George J. Buelow
(b c1683; d Salzburg, bur. April 17, 1721). Austrian organist, composer and theorist. He became cathedral organist in Salzburg on 1 October 1717, succeeding Johann Baptist Samber, who probably had been his teacher. In 1710 Gugl's Corona stellarum duodecim, id est Totidem litanie Lauretano-Marianae was published at Salzburg as his op.1, and a Missa Santissimae Trinitatis (1712) survives in manuscript (in A-KR ). Gugl also wrote a thoroughbass treatise, Fundamenta partiturae in compendio data. Das ist: Kurtzer und gründlicher Unterricht, den General-bass, oder Partitur, nach denen Reglen recht und wohl schlagen zu lehren (Salzburg, 1719). Despite its elementary character, it appeared in six published editions, the last one in Augsburg in 1805. The model for the work was apparently (see Federhofer) Samber's thoroughbass manual, Manuductio ad organum (Salzburg, 1704). Gugl's treatise, which he advises should not be studied by keyboard performers until they can play ‘something at the keyboard, such as preludes, fugues, versets, or other ...
(b ?Mantua; fl 1598–1646). Italian composer and singer. Before his arrival in Mantua he sang contralto in the ducal church of the Madonna della Steccata, Parma. His earliest recorded association with composers of the Mantuan cappella is the appearance of his Eran ninfe e pastori in Gastoldi’s popular Concenti musicali (RISM 1604²¹). Between July and April 1609 and in August and September 1612 he served temporarily as maestro di cappella of the ducal chapel of S Barbara, Mantua. From July 1610 to September 1612 he also held the less important post of maestro di canto fermo with responsibility for instructing the choristers in ‘canto figurato e contrappunto’. His abilities as a composer seem to have been highly valued by his Mantuan colleagues. His Ardo mia vita appeared together with works by Gastoldi, Virchi and Monteverdi in 1608 in Wert’s posthumous Il duodecimo libro de madrigali a 5, 6 & 7...
(b Linz, Nov 20, 1652; d Kleinfrauenheid, Burgenland, Sept 8, 1706). Austrian composer and violinist. He came from a family in which his father and at least one of his brothers, Franz, were also musicians. He entered the monastery at Lambach as a novice and at the profession of his vows on 6 January 1671 received the monastic name of Romanus. On 30 December 1671 he enrolled at the Benedictine University of Salzburg, gained the bachelor's degree in 1672 and became a doctor of philosophy in 1673. He must then have returned to Lambach. He had doubtless begun his musical education at home. Later the high standard of musical life at the monastery at Lambach, which was certainly comparable with that of the Viennese court, was to offer him ample stimulation. Not least, his student years in Salzburg considerably extended his musical horizons, for it can be assumed that his first meeting with Biber, which took place there, spurred him on to mastery of the violin. Almost every aspect of his musical achievement was influenced by Biber, who gave concerts at Lambach in ...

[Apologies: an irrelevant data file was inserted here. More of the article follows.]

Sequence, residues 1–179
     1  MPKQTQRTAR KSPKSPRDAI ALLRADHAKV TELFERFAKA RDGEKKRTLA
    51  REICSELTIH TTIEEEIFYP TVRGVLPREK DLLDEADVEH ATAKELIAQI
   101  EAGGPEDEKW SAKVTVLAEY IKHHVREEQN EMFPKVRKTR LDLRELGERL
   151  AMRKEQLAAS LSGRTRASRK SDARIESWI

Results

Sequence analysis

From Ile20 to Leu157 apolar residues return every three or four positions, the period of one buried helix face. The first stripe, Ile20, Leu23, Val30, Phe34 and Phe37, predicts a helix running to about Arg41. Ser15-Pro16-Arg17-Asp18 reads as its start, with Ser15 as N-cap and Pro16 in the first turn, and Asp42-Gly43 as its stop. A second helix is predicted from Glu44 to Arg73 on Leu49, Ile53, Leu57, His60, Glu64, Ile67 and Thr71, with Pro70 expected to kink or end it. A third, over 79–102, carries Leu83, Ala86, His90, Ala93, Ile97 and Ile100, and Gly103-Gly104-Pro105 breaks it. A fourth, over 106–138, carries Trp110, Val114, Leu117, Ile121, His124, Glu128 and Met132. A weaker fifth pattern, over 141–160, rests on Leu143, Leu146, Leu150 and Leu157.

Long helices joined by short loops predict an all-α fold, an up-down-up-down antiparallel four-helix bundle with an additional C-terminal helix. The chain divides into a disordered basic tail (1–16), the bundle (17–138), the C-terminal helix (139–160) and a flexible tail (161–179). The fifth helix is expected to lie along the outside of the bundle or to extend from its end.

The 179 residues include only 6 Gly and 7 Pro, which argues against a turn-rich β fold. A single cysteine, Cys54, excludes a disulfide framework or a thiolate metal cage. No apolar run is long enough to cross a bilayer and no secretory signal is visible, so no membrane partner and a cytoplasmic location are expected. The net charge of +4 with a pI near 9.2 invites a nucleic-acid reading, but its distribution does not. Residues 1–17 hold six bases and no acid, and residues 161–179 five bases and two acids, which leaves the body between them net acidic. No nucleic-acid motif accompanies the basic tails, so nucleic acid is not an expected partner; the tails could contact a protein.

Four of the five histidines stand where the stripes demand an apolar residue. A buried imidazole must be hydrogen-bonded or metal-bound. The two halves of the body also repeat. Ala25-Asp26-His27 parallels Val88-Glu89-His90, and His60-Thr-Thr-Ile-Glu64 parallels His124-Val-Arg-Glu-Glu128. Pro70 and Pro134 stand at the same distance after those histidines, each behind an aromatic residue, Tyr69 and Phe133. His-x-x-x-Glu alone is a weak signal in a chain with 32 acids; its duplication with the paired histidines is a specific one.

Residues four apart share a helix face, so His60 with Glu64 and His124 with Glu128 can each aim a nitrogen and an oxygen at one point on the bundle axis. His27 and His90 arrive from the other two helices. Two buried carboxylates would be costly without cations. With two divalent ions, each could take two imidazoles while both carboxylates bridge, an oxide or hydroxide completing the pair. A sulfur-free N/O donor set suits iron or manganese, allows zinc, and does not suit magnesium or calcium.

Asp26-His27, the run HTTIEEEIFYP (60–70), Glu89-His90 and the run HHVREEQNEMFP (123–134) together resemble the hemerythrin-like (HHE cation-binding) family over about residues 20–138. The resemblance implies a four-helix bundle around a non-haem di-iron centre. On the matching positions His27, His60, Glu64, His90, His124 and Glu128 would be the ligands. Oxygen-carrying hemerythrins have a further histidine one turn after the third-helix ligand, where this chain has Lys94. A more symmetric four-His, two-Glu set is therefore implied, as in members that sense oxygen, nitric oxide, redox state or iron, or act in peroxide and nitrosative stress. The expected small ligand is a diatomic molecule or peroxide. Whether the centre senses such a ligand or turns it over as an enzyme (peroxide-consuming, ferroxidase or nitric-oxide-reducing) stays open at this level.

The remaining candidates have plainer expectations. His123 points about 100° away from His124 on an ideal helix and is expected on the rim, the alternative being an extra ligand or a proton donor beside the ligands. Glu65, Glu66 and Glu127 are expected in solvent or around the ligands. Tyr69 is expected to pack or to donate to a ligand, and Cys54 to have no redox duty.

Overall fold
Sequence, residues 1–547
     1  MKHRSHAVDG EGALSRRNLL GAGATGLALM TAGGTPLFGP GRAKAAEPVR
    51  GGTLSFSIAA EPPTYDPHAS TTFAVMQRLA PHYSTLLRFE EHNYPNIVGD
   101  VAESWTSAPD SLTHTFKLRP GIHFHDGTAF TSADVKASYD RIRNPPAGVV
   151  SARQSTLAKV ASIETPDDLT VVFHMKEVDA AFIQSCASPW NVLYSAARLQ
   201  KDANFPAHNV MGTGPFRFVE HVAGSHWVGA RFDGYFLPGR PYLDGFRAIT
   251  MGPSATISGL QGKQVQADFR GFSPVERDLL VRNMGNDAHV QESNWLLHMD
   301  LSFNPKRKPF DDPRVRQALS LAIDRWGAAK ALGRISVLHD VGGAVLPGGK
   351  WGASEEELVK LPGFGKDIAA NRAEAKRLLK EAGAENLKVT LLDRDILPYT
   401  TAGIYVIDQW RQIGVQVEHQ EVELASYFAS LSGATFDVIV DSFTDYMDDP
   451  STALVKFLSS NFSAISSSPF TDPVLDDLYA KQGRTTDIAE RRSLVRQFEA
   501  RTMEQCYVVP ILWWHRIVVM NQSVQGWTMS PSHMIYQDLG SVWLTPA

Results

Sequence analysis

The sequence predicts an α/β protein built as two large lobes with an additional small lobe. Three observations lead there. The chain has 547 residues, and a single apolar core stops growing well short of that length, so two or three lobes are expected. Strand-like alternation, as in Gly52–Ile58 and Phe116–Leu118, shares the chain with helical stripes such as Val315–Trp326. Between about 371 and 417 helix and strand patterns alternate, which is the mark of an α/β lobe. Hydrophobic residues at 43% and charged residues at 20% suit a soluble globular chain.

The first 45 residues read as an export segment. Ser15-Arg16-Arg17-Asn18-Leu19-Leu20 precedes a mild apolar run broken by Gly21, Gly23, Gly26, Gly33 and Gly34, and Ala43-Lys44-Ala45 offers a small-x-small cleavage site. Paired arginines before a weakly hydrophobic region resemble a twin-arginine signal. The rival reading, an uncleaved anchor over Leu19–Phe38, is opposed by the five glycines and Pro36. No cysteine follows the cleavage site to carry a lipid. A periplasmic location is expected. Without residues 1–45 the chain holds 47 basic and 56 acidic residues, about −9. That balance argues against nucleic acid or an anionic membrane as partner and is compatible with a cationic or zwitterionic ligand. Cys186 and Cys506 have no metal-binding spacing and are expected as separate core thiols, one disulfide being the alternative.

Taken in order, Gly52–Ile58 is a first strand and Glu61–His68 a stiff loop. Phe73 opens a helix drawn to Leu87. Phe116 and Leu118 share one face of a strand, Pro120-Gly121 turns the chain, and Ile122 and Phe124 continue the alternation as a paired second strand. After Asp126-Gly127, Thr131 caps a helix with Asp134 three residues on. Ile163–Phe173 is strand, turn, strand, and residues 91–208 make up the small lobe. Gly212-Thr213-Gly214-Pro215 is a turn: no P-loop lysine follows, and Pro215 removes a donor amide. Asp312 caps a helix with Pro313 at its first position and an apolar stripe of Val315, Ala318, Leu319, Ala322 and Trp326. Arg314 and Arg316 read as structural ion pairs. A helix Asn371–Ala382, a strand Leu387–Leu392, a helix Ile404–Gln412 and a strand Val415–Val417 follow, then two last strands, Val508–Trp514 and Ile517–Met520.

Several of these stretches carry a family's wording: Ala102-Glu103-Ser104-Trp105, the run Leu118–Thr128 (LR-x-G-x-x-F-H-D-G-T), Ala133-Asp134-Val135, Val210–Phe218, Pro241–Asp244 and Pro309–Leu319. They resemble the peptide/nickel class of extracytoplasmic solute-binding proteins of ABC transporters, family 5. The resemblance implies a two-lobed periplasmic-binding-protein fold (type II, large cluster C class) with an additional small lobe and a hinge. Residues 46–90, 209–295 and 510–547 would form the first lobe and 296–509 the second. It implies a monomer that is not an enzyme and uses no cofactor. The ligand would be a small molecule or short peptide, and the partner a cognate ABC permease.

revised by Steven Saunders
(b ?Graz, c1585; d Gandria, nr Lugano, 1667). Italian composer and organist, possibly of Austrian birth. From 16 March 1604 to 16 September 1606, at the expense of Archduke Ferdinand of Inner Austria, he studied in Venice with Giovanni Gabrieli, whom he visited again in 1610. At the end of 1606 he was appointed court organist at Graz. When the archduke became emperor as Ferdinand II in 1619, Tadei moved to Vienna with other musicians of the Graz court, and there is evidence that he was organist to the imperial court until 1628. From 11 November 1628 to 20 May 1629 he acted as Kapellmeister at the abbey of Kremsmünster in Upper Austria. It may well have been soon after this, as he was then a widower, that he entered the Carmelite monastery in Venice; Ferdinand II had written a letter of recommendation to the head of the Carmelite order in ...
(b Mariazell, Styria, 1550–60; d Garsten, Upper Austria, July 13, 1618). Austrian composer. As a young man he served as a soldier in the war against the Turks. Soon after 1589 he entered the monastery at Garsten, near Steyr. Some sources state that he had lived before this at the monastery of Weihenstephan at Freising, near Munich, and that he was admitted to the Benedictine order there as a composer. In 1598 he took over temporarily the parish of Gaflenz, near Garsten, and in 1599, when his abbot was summoned to St Lambrecht, Styria, he followed him there as instructor in music to the choirboys. He is also heard of briefly in 1601 and 1603 at Mariazell and Admont, where he was a musician and regens chori. In 1605 he returned to Garsten and was choirmaster there when he died.
Ertl was admired in his lifetime as an excellent composer. His surviving output consists entirely of vocal works intended for use at the monastery at Garsten; nearly all are for six to ten voices, and the vast majority for eight. Most of those in six and seven parts are in the traditional polyphonic style. Those in eight parts are homophonic works for double choir including a good deal of antiphonal writing. The mainly syllabic treatment of the text and the precise rhythms (the frequent use of dotted crotchets is striking) are typical of such music at the time. Syllabic setting is abandoned only when important words in the text demand melismas, some of which are quite extensive, to emphasize them. These works in particular show Ertl's debt to the music of Giovanni Gabrieli and his school. The ...
(b Graz, bap. Dec 11, 1676; d Vienna, inquest Jan 2, 1740). Austrian amateur composer and lutenist. He worked in the book-keeping department of the Austrian exchequer and described himself as registrar and dispatcher (Expeditor). He was also a skilled lutenist. Though described as ‘officer of the exchequer’ in a document of 1712, he is called ‘lutenist’ in one dated 1708 and ‘cavalry officer’ in another. He had a wide range of interests and left a considerable collection of paintings (see Koczirz, 63). He wrote a number of pieces for lute solo and concerto-like works for lute and strings. He was a complete master of both polyphonic and chordal writing and in his later music cultivated the French galant style. His music enjoyed widespread popularity at the time, and he was highly regarded in Austria and Bohemia in particular, even though he was only an amateur....
(b Cremona, 1594–5; d Cremona, Dec 10, 1665). Italian composer, organist and violinist. He was one of the finest and most progressive Italian composers of his generation, and excelled in both vocal and instrumental music.